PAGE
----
by LIZZIE DEAL
In honor of Indigenous People’s Month, UNITY is placing the finishing touches on a map of the Indigenous People of Iowa. The project, which was spearheaded by Peyton Maulsby, an Equity and Inclusion Student Senator and UNITY Co-President, should be on display in Olmsted by Thanksgiving.
Maulsby both researched and designed the map, which was a part of UNITY’s programming in celebration of Indigenous People. UNITY, a student-governing body for multicultural organizations, creates programming to represent the diverse backgrounds that students come from, November often being one of the busiest months.
“In previous years, our big programming month has been Indigenous People’s Month, and so over the summer, we were brainstorming a lot of ways where we could add things,” Maulsby said. “I know there are some online resources that have Indigenous People’s Maps, so I thought it would be really nice to have it visually posted in the student center.”
The map lays out the where the territories of different Iowa Indigenous tribes were and is centered around a UNITY logo. “Right now, there are lots of overlapping tribe areas,” Maulsby explained. “I went off of this website that sort of gathers information from all sorts of self-reporting tribes and everything like that, so it’s a lot of colors and a lot of overlap.”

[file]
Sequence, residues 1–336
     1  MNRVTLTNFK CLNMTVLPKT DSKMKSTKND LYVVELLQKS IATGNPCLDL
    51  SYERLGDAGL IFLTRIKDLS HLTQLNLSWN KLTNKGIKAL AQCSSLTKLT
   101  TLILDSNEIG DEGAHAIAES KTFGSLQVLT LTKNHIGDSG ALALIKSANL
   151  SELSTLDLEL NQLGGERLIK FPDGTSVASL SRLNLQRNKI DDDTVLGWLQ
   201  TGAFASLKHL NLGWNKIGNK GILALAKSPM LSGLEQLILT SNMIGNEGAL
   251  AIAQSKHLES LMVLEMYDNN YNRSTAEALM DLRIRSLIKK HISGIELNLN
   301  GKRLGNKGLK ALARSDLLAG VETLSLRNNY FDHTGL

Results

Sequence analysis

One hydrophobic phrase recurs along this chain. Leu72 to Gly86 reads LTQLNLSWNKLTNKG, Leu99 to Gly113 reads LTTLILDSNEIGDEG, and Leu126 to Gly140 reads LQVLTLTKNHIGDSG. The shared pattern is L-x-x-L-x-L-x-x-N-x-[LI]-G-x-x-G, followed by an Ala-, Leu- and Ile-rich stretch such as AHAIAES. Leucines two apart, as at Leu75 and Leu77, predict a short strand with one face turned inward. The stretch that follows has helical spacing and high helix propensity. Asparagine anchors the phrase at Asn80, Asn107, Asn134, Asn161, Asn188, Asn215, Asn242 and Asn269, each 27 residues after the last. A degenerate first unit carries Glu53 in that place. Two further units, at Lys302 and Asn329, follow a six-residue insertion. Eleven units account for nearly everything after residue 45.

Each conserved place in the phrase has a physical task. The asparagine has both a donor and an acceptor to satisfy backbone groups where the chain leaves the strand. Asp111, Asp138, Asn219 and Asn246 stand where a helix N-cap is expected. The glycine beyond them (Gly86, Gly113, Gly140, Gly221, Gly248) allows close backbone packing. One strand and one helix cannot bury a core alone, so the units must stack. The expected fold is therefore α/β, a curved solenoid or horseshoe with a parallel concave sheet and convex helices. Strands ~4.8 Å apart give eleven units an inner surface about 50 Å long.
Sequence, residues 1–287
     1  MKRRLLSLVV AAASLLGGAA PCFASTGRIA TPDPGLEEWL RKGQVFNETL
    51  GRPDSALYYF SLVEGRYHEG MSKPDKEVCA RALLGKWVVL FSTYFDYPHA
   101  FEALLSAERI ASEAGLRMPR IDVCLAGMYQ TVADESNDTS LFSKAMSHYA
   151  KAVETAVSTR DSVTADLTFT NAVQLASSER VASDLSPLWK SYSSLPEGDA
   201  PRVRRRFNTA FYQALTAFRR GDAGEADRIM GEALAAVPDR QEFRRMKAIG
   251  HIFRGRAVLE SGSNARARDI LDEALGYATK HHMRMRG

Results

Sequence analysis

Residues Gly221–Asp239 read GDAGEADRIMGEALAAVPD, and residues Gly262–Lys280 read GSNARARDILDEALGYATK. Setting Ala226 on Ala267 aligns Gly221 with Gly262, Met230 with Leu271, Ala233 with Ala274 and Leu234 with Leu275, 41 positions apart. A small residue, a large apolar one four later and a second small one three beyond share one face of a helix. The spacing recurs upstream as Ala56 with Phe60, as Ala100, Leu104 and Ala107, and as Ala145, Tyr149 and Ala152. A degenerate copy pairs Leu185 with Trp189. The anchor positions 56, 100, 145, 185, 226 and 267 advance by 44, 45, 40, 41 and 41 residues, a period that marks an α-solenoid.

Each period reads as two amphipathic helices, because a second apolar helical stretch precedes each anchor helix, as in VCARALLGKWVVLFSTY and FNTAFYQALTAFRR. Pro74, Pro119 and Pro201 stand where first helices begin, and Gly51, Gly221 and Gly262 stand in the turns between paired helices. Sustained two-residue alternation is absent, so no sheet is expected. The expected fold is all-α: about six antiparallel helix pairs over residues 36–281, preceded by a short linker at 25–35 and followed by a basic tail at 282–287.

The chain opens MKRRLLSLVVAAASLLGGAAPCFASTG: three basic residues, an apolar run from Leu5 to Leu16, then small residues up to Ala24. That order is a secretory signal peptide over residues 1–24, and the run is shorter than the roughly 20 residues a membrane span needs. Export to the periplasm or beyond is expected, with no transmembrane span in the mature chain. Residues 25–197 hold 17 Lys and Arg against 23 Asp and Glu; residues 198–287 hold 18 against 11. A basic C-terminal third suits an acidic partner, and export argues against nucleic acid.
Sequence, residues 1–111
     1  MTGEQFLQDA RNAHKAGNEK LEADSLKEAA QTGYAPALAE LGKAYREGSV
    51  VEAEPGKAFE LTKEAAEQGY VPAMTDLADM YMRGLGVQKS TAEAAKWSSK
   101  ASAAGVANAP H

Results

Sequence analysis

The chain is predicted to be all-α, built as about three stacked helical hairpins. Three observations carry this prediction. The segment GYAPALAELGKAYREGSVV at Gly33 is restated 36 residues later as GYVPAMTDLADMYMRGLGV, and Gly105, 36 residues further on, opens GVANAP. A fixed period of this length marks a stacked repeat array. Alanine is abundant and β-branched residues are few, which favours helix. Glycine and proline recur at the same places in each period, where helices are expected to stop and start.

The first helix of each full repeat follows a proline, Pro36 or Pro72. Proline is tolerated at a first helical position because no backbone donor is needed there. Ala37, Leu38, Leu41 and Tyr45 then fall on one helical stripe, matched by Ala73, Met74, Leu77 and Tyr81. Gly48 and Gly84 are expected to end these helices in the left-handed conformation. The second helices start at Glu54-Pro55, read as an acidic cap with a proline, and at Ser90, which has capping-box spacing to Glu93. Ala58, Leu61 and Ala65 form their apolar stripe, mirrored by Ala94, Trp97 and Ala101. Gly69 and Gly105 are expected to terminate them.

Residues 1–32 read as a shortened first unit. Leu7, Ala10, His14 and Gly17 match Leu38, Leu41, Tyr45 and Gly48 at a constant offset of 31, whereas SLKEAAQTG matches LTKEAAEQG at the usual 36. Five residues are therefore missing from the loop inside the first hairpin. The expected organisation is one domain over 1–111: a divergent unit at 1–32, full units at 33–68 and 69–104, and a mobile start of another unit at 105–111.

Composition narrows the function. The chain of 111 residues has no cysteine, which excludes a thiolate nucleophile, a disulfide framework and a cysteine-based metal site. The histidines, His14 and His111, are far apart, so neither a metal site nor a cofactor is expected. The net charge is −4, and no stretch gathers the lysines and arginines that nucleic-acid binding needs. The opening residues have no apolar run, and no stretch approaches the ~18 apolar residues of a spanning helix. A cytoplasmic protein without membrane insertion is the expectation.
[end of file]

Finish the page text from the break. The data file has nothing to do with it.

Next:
To not exclude students who aren’t from Iowa, Maulsby also included a QR code on the map. When scanned, students will be brought to a website where they can input their home address and learn more about that land.
The goal of this project, Maulsby says, is to spread awareness to the student body about Indigenous People not just during the month of November, but to serve as a reminder year round.
“Settler colonialism is on-going, especially in that it is an on-going forgetting of the realities of genocide that has occurred through land acquisition, cultural assimilation, and overt attempts at extermination,” Professor Renee Cramer said. “Crucially, these are realities that continue to this day – in the form of contemporary law and politics, cultural representations and stereotypes, and often poor quality of life among indigenous people related to addiction, food insecurity, and discrimination. It is especially important that we engage in knowing about the native peoples from and on the land we inhabit — as both historic tribes, and as contemporary peoples — because to do so acknowledges their continued survival and thriving community, and the ways that non-Indians continue to benefit from the practices of colonization.”
While a specific location in Olmsted has yet to be selected for the map, Maulsby hopes it will be on the first floor and that the central location will allow it to be viewed by a large number of students.
“Even if a lot of people are passing through Olmsted quickly, it’ll be nice to have it sort of in the heart of campus,” Maulsby said. “I’m hoping it will remind people constantly that there are indigenous people and we are sort of living on their land even though it’s not just the Heritage Month.”